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Carlos B. Lopez, Constable

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Constable's Notebook - September 2010

Last month the San Antonio Express News reported that at least 16% of all inmates in Texas jails are mentally ill. That comes as no surprise to law enforcement officers who arrest people every day who exhibit signs of mental illness. Because mental health beds are so scarce in Travis County and throughout Texas, officers are forced to book mentally ill prisoners into jail or take them to hospital emergency rooms if necessary. Travis County Sheriff Greg Hamilton says because of the lack of available mental health beds he runs the largest mental health institution in Travis County. That claim is backed by a recent Virginia based Treatment Advocacy Center study which found that “nationwide, more mentally ill people are in jails than hospitals.”

Offenders with mental health issues are arrested more frequently and due to a lack of treatment beds spend far more time in jail than other offenders. The Mental Health Association in Texas reports that it costs about six times as much to incarcerate mentally ill prisoners than to treat them, but since 1990 the average daily population in state mental hospitals has dropped by more than 40% while the number of prisoners with some form of mental illness has increased by about 500%.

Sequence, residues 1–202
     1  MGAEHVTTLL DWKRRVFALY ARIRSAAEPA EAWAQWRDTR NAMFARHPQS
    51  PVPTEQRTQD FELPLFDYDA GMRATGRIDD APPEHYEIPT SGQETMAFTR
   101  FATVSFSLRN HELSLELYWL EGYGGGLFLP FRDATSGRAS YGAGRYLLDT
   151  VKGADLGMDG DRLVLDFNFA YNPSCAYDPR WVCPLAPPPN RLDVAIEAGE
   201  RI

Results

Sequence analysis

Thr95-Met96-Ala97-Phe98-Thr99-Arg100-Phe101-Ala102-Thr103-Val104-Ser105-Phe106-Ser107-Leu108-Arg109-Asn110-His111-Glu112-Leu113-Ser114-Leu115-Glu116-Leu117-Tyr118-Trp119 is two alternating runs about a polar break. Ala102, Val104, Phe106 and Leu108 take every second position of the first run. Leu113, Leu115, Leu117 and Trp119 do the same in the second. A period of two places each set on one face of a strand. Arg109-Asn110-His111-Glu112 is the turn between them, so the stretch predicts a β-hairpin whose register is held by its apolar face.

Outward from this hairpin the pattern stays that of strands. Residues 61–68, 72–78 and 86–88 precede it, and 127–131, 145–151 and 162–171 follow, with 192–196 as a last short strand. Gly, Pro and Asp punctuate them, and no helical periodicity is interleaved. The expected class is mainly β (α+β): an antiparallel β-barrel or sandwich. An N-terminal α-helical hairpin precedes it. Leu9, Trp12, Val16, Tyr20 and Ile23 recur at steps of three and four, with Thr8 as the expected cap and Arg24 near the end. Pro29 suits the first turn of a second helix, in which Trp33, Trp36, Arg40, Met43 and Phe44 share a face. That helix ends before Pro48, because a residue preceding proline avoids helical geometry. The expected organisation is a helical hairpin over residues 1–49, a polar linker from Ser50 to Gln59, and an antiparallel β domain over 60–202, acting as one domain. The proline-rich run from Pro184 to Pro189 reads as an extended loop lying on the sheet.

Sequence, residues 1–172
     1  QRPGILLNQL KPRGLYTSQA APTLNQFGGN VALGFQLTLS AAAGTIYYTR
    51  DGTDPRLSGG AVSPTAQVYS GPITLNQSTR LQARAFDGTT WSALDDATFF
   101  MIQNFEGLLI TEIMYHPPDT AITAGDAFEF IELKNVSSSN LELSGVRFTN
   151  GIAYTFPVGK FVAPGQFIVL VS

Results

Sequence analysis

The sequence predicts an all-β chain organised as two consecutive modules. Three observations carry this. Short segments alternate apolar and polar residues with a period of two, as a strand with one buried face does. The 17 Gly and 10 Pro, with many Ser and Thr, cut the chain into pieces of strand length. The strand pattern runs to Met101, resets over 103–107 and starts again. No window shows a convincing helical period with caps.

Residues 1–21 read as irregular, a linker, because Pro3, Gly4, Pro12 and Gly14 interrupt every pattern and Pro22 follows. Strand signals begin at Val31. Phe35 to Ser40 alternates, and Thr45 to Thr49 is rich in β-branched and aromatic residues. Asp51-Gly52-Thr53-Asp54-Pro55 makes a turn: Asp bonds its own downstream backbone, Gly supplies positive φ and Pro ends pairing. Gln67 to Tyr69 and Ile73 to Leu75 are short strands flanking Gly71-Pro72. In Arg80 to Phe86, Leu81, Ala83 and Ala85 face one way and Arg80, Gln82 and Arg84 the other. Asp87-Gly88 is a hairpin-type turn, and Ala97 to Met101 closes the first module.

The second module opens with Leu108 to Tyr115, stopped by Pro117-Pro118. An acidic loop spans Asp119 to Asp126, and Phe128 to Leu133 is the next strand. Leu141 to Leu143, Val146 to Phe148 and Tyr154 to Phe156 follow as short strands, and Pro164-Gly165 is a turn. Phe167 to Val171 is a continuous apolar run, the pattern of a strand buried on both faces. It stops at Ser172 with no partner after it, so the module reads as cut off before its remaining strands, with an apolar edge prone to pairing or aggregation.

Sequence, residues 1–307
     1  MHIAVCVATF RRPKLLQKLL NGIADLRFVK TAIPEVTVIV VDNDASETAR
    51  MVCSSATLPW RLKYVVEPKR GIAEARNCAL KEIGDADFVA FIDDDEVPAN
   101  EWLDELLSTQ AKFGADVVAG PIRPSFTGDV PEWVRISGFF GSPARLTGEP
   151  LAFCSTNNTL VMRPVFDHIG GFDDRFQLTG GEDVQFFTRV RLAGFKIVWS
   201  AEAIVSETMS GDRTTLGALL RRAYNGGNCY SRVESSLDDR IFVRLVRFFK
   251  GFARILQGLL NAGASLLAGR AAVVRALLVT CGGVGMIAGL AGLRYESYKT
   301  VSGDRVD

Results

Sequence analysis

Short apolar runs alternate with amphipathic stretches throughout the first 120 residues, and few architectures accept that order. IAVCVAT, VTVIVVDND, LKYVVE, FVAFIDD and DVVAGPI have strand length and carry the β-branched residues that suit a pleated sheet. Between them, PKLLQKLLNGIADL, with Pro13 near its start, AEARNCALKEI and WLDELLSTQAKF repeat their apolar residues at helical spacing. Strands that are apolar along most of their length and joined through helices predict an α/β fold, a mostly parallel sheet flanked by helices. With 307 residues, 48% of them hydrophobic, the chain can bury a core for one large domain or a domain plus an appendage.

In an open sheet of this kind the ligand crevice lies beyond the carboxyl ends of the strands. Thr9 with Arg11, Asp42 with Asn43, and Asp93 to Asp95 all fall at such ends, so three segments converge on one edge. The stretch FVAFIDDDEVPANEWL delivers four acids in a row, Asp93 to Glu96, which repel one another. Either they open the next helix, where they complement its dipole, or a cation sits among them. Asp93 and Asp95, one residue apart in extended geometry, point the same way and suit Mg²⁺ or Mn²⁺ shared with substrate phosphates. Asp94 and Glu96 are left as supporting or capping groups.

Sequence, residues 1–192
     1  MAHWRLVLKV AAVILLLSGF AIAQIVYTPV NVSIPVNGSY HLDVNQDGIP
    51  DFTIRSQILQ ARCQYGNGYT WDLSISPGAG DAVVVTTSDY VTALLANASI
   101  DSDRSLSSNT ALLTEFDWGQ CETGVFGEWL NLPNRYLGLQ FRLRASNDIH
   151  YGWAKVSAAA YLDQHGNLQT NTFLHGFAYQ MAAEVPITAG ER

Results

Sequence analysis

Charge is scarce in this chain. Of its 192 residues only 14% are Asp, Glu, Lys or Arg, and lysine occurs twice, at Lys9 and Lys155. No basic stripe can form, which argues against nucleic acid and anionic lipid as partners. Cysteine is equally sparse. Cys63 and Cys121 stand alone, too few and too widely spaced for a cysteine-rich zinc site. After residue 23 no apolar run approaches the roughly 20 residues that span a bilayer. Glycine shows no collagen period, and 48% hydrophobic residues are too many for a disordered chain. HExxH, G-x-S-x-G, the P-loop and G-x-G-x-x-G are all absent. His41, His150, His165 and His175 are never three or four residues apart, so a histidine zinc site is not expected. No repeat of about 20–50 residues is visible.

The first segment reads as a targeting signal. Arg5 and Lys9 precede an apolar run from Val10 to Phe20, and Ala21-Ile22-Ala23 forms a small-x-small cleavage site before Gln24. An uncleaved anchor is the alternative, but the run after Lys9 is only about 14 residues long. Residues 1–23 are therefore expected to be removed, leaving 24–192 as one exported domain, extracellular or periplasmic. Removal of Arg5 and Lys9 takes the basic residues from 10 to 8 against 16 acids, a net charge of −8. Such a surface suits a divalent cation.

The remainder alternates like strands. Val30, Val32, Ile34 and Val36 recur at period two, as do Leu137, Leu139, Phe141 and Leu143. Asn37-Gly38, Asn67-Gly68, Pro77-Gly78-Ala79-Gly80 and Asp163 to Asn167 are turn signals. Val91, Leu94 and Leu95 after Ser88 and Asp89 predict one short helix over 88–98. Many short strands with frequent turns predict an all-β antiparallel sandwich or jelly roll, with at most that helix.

State officials are attempting to address this growing crisis. Last year the Texas Legislature passed a bill that requires psychiatric exams for every inmate suspected of having mental illness. The San Antonio Express News report discovered that the new law, viewed by many as another unfunded mandate placed on counties, is being ignored by some counties including Bexar County. Travis County officials are conducting the exams. But it might not matter much because the Texas Department of State Health Services has proposed a 10% reduction in treatment beds that would result in fewer inmates receiving treatment, longer lines for those who are treated who will and longer stays in jail at a cost to taxpayers of about $50 per inmate per day.

Texas officials have a long history of shortchanging state mental health services and shifting the burden to cities and counties. The Lone Star State ranks 49th in the nation in mental health funding and while some officials like to brag about keeping state taxes low, any bragging rights for saving a few dollars on our tax bills are far outweighed by the more than $16 billion annual “hidden tax” impact of untreated mental illness in Texas.

Legislation requiring psychiatric exams for inmates without providing treatment beds is like making a cancer diagnosis but not making cancer treatment available. We know what will happen. Mentally ill people who are not diagnosed and treated will not get better and housing them in local jails won’t make them better. With the proper diagnoses, treatment and medication many if not most people with mental illness are able within varying degrees to take care of themselves and work. The Legislature should not consider their work done next year until they improve mental health care services in Texas. Providing less assistance to our most vulnerable citizens than all but one other state is really nothing to brag about.



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